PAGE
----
Winter 2012

Table of Contents - Vol. VIII, No. 4


Poetry    Translations    Fiction    Non-fiction    Reviews   

Shirley J. Brewer




Black pearl eyes over valentine wings
ablaze on a snow-coated branch.
I want your red between my fingers.
In your velvet presence, my thick boots
become scarlet sandals. I see myself
in a honkytonk nest.

Men flock near a pool table,
cue sticks like slender trees,
and me, the only babe,
fluffed up in ruby feathers.
A crimson-haired guy whistles,
beer foam on his beak.
Our eyes lock. He pecks
at my rosy boa, makes me blush.

Outside, a winter wind startles,
brings me back; bird and bird-man gone.
Beneath the frozen tree, a lone
red feather left on pristine snow.



January Loss

Heavy rain depletes the sky;
wind—unruly magician—
makes the clouds disappear.

Is it always about loss,
something stripped, deserted, torn?

After my mother died, I walked alone
down the hospital hallway—
dimly lit and empty.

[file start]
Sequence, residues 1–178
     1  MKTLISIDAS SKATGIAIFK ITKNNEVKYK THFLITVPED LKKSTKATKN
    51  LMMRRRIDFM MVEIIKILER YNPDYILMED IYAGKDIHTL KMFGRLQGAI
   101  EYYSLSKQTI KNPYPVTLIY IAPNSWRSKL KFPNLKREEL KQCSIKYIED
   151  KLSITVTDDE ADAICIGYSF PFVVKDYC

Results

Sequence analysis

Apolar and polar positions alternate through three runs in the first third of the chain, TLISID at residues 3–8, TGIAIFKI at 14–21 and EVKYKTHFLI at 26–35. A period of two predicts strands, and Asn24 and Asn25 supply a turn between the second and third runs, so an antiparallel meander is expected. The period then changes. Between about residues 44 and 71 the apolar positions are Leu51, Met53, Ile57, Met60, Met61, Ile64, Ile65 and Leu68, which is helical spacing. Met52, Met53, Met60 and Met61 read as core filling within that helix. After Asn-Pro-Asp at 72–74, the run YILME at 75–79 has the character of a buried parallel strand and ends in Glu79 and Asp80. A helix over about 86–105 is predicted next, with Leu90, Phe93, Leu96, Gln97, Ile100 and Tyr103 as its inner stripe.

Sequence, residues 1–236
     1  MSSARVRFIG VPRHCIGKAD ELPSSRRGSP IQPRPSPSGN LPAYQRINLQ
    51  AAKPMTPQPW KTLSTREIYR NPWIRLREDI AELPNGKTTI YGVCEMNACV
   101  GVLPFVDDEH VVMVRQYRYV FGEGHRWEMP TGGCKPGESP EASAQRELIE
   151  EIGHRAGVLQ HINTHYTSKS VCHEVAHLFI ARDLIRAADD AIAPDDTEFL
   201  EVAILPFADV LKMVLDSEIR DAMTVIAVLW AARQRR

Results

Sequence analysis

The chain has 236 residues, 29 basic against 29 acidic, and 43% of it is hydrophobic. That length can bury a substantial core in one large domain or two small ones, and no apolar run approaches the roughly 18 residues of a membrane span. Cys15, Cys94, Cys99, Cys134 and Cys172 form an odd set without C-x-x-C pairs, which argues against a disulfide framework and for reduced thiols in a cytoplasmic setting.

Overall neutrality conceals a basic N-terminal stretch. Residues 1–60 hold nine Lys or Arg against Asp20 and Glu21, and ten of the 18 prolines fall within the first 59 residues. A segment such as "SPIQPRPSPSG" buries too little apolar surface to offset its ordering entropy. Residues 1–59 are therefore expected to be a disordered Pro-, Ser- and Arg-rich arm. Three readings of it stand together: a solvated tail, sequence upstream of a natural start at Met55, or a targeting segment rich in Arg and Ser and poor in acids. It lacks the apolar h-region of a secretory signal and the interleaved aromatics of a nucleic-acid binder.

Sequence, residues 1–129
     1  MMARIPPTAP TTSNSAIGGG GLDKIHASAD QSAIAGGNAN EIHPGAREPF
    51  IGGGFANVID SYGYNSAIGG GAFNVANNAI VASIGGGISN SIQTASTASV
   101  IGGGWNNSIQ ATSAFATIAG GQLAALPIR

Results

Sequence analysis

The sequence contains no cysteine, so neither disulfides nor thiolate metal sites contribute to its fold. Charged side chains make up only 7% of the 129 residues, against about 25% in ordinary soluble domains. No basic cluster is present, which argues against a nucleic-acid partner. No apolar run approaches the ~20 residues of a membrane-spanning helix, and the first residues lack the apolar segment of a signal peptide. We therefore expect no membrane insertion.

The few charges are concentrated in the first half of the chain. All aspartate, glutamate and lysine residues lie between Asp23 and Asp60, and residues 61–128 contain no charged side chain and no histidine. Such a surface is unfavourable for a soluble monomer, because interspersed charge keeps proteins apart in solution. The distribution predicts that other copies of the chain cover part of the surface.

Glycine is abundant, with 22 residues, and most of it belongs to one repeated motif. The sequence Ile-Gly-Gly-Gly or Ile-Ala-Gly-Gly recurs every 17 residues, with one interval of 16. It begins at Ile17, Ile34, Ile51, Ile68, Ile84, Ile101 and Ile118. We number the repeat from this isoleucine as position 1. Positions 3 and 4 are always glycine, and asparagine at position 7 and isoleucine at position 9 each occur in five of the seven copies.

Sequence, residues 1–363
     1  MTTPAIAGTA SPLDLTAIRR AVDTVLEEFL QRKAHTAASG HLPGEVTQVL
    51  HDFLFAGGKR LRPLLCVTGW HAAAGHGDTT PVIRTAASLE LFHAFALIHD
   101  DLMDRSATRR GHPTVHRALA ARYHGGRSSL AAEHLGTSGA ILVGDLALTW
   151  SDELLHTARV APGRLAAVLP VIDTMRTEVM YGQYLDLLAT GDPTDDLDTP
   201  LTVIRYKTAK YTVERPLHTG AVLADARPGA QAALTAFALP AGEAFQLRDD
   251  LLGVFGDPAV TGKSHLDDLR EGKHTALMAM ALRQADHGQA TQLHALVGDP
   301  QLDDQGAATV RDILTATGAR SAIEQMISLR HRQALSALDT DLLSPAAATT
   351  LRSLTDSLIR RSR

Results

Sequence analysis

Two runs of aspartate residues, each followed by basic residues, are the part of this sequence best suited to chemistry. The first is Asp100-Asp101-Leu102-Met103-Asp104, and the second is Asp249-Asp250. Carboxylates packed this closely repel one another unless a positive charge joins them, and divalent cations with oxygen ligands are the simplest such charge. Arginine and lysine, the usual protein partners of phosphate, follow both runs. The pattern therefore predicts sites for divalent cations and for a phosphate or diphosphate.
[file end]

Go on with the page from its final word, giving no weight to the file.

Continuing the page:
Her last breath
lingered inside my ear.

Night snow fell from winter’s nest,
flakes like small white birds
hurled against the frozen earth.



‘Tis the Season

Holiday, 1982, I worked as a Talking Reindeer
at the Hutzler’s store in Baltimore.

How much do you weigh, Tinsel? Do you
like spaghetti? Beau, who cuts your hair?

I answered in my reindeer voice—
light, with sleigh bell diction.

Children revealed their secrets
to my brown, attentive eyes.

This December, a green sedan
sports a bloody deer tied to its roof.

For a moment, my foot slips off the brake,
my breath slows.

Death stuns me,
especially my own kin.


© Shirley J. Brewer


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Poetry    Translations    Fiction    Non-fiction    Reviews   

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